Harvest often concludes with a social celebration of the season. It’s a time to remember the energy and hard work that has been poured into the fields, while recognizing that success is based on the whim of Mother Nature. Growers gratefully honor the harvest of the season by sharing their food with others. Growers, like the Inn at Black Star Farms.
Their Harvest Dinner essentially began eight years ago with the introduction of the annual “Morels in May” event. Over the last few years, farmers in our region have continued to make strides in extending their season and providing us with local harvests year-round. In an effort to educate the public and raise awareness of our northern Michigan agricultural community, the Black Star Farms Harvest Dinner became a monthly series in March 2013. Each Harvest Dinner focuses on one or two items that are truly distinctive to that particular month. Those items are highlighted along with the chef’s creativity in each course that’s prepared.
I attended the February Harvest Dinner, which featured local lamb and parsnips. Stephanie Lee Wiitala, the Inn’s event planner and pastry chef, walked us through each course and wine pairing, while Executive Chef Jonathan Dayton worked in an open kitchen adjoining the dining room. Our candlelit table was filled with conversation between guests and the elegant atmosphere was both comfortable and warm alongside the Inn’s wood-burning stove.
Black Star Farms is known for its award-winning wines, and they are a big part of the Harvest Dinner experience. Each dish Jonathan prepares has a specific flavor profile that is carefully reviewed and considered before determining each pairing. Stephanie explained to the guests that a good pairing would not only complement but enhance the dish as well. From sparkling wine and Rosé to an incredible vintage of Pinot Noir shared from the cellar, the wines were paired perfectly with the unique flavors of every dish.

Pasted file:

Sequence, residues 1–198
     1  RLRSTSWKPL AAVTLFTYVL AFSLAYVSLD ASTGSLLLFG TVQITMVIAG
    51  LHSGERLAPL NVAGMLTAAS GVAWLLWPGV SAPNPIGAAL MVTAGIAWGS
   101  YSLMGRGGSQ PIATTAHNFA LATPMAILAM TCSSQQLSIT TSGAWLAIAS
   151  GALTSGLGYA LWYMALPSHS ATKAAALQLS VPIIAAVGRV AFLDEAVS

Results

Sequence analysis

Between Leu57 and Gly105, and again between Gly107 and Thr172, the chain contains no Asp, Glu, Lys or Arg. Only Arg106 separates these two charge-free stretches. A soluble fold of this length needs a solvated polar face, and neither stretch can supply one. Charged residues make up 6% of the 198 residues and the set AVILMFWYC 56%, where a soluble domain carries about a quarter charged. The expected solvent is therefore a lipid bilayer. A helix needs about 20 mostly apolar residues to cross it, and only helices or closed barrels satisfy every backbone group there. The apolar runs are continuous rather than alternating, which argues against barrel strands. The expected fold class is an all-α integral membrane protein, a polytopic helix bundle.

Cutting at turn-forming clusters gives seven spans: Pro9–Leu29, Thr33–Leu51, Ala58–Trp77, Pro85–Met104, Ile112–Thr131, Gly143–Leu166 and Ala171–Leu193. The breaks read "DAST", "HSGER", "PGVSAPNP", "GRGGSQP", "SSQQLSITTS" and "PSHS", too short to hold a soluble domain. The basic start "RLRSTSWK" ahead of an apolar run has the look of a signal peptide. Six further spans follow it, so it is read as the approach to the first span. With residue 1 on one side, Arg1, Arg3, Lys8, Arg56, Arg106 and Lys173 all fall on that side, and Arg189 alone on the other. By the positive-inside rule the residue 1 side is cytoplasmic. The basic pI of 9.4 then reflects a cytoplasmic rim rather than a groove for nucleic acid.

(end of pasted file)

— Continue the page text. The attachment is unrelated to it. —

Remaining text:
When Jonathan develops the menu for each Harvest Dinner, he strives to provide an accurate representation of what our region’s agricultural community has to offer. Selecting a product or variety of produce to highlight is the first task. During the summer months, the variety seems endless. In the winter, though, it’s a bigger challenge, but one that Jonathan welcomes and takes very seriously. Even in our cold winter, hearty greens are sprouting inside greenhouses and root vegetables are pulled from storage, providing us with the fresh produce we crave.
The five-course February Harvest Menu was creative and unique, ranging from Smoked Lamb Pancetta with parsnip gnocchi and lion’s mane mushroom to a Moroccan-inspired merguez sausage ragout with parsnip cous cous and a poached egg. The lamb was raised within a few feet of Black Star Farms’ kitchen and Sweeter Song Farm nearby in Cedar supplied the parsnips.
Harvest is a cause for celebration and a reason to gather together around the table. Black Star Farms hosts their Harvest Dinner Series on the second Wednesday of every month. Please call ahead to make reservations and join in on an incredible celebration of the season—whichever one it may be. Find out more about Black Star Farms’ harvest dinners on their website. Or Call them directly: Phone: 231-944-1251